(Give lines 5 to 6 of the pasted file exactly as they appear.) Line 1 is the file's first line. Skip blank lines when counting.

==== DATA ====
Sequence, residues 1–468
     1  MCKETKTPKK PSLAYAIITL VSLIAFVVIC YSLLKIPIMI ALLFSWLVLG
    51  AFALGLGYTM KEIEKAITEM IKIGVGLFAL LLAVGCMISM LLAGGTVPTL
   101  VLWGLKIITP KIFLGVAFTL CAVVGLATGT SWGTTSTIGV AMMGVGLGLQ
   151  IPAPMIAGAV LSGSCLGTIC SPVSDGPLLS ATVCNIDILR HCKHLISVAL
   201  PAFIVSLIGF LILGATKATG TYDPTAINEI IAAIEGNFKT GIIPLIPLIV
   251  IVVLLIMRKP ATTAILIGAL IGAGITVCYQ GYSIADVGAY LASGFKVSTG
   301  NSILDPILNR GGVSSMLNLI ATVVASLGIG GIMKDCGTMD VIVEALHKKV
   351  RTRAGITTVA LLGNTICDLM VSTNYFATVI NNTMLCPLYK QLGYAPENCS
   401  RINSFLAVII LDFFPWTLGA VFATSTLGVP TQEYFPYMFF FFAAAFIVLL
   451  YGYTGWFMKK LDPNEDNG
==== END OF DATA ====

   151  IPAPMIAGAV LSGSCLGTIC SPVSDGPLLS ATVCNIDILR HCKHLISVAL
   201  PAFIVSLIGF LILGATKATG TYDPTAINEI IAAIEGNFKT GIIPLIPLIV